For Woo and others, the conversion of funds to buyers that have historically hodled rather than sold is especially important — another hallmark of Bitcoin’s recent growth.
“Serious strong-handed holders are buying this dip. In the last 24 hours, over 200,000 Bitcoin became illiquid, a 3-year record,” fellow analyst William Clemente added Sunday.
“This illiquid supply increase is not only just dip buyers with no history of selling, but partially accumulation from 5-6 months ago of which those wallets have just crossed the ‘illiquid’ threshold for this metric.”
Finally, about 13.5 percent of the overall available Bitcoin supply has been active over $53,000, reinforcing Bitcoin’s position as a trillion-dollar currency, according to Woo. Bitcoin’s market cap approaches $1 trillion at about $53,800.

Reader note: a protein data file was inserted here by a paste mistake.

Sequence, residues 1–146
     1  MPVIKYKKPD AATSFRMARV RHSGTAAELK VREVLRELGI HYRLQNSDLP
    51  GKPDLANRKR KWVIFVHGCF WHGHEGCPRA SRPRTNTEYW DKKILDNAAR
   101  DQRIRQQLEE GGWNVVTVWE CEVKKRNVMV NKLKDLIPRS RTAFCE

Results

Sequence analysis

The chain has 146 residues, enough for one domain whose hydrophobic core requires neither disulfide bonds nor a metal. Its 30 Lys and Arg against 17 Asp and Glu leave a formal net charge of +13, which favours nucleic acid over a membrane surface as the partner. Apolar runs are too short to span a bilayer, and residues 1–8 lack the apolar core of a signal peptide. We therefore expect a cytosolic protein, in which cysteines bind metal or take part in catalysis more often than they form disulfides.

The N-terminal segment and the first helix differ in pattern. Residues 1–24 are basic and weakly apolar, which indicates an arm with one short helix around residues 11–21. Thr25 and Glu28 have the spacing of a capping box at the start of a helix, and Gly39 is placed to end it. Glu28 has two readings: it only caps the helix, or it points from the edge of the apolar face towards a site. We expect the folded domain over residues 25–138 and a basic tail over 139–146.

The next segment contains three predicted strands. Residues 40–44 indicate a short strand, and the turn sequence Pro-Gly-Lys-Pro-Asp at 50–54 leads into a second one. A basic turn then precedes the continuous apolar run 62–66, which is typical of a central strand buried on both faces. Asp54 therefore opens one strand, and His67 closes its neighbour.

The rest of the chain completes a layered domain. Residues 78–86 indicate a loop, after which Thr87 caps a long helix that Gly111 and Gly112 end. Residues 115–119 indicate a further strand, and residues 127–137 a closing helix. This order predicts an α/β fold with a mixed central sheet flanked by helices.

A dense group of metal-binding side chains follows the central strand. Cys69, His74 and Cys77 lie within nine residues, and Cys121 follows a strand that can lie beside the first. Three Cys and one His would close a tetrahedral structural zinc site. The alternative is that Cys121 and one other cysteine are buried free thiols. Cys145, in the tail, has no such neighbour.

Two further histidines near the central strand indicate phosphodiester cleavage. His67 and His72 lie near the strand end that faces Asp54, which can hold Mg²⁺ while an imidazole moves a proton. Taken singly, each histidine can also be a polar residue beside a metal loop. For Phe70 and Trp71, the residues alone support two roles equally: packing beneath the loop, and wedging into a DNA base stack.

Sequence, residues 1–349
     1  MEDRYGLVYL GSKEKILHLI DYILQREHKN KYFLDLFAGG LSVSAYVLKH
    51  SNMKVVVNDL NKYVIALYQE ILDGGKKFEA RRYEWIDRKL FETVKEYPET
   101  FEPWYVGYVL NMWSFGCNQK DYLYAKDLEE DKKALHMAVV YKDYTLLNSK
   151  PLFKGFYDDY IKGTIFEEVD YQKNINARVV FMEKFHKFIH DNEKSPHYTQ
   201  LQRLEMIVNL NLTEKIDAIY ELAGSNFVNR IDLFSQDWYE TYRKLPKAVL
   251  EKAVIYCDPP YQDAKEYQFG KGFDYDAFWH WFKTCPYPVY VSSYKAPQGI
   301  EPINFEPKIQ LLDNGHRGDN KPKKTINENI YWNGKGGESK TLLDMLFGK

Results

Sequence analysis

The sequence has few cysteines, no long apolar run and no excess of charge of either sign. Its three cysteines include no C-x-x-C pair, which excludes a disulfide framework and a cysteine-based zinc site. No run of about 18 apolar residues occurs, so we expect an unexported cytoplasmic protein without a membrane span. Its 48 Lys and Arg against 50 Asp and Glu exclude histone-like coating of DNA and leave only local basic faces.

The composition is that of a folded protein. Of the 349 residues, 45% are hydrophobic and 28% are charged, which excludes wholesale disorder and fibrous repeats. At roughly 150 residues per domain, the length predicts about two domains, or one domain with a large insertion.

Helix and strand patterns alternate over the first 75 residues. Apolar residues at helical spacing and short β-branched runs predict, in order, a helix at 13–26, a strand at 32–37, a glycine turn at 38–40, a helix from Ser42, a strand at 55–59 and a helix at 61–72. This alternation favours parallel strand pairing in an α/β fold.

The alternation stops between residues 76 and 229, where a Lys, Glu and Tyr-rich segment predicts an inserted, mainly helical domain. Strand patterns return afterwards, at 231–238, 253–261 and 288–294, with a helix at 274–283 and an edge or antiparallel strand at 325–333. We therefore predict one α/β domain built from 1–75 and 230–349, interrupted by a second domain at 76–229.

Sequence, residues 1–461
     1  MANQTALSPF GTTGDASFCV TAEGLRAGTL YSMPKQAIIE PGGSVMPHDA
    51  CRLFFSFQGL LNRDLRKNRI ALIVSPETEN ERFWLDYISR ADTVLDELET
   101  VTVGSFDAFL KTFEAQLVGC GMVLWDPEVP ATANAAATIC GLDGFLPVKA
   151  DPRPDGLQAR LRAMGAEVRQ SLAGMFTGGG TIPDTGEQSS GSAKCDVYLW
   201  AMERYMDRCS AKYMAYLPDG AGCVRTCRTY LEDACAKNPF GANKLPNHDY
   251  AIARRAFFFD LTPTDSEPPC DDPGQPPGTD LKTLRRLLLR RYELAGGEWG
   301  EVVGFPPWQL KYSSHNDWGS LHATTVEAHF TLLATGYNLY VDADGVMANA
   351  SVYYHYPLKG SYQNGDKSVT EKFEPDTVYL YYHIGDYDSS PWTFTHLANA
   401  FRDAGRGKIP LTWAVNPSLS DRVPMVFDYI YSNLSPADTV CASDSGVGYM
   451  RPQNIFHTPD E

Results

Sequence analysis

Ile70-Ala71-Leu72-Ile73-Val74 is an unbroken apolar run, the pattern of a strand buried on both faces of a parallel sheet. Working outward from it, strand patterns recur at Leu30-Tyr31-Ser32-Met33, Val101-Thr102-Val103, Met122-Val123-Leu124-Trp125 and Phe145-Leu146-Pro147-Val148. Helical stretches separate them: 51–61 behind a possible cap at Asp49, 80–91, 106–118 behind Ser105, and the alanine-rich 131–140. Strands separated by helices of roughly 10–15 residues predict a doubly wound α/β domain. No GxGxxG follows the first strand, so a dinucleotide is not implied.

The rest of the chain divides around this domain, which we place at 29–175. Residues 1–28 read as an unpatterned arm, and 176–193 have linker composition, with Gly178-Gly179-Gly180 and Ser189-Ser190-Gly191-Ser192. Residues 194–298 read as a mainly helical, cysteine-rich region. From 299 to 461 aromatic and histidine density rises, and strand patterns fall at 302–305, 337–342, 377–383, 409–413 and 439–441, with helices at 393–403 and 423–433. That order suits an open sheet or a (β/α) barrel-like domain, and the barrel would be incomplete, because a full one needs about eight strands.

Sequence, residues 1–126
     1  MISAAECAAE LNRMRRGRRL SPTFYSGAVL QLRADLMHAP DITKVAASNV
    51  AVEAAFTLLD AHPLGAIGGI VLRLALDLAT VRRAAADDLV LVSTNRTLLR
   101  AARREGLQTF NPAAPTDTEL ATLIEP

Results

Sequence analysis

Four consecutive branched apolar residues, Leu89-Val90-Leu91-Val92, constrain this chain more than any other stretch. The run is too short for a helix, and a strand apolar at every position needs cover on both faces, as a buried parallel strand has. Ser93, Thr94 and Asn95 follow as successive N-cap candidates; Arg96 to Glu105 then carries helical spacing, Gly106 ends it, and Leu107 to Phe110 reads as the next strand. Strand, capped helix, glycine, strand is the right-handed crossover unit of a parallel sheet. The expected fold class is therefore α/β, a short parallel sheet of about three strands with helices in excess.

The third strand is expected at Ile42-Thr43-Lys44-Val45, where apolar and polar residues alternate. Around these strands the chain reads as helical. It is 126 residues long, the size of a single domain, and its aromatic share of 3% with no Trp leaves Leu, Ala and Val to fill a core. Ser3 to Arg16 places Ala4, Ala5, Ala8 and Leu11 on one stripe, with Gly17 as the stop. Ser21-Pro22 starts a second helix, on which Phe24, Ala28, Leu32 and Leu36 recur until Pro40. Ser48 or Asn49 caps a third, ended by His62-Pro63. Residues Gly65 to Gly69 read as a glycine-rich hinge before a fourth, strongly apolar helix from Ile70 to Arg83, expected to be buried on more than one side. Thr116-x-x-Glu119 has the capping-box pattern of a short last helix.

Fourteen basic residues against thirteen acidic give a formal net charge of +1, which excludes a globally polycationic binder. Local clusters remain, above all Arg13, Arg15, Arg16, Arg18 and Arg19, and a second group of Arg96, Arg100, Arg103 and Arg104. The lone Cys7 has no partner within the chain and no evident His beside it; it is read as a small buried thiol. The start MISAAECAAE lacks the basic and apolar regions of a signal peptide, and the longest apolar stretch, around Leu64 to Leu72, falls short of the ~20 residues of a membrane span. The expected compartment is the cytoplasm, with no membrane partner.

“This drop occurred while an unprecedented number of new users are joining the network every day. Woo also stated that there has been a retail influx in the last 2-3 weeks, with overall wallet numbers approaching 10 million.
Difficulty takes care of miner woes
A closer look at hash rate, which dropped by nearly half at one point, reveals that a price-related rebound is underway.
According to preliminary calculations from the on-chain tracking resource Blockchain, the Bitcoin network hash rate is now back over 150 exahashes per second (EH/s), after breaking through the 200 EH/s mark for the first time in history last week.
Miners leaving the network due to power outages cause Bitcoin’s network complexity to decrease, incentivizing more people to join.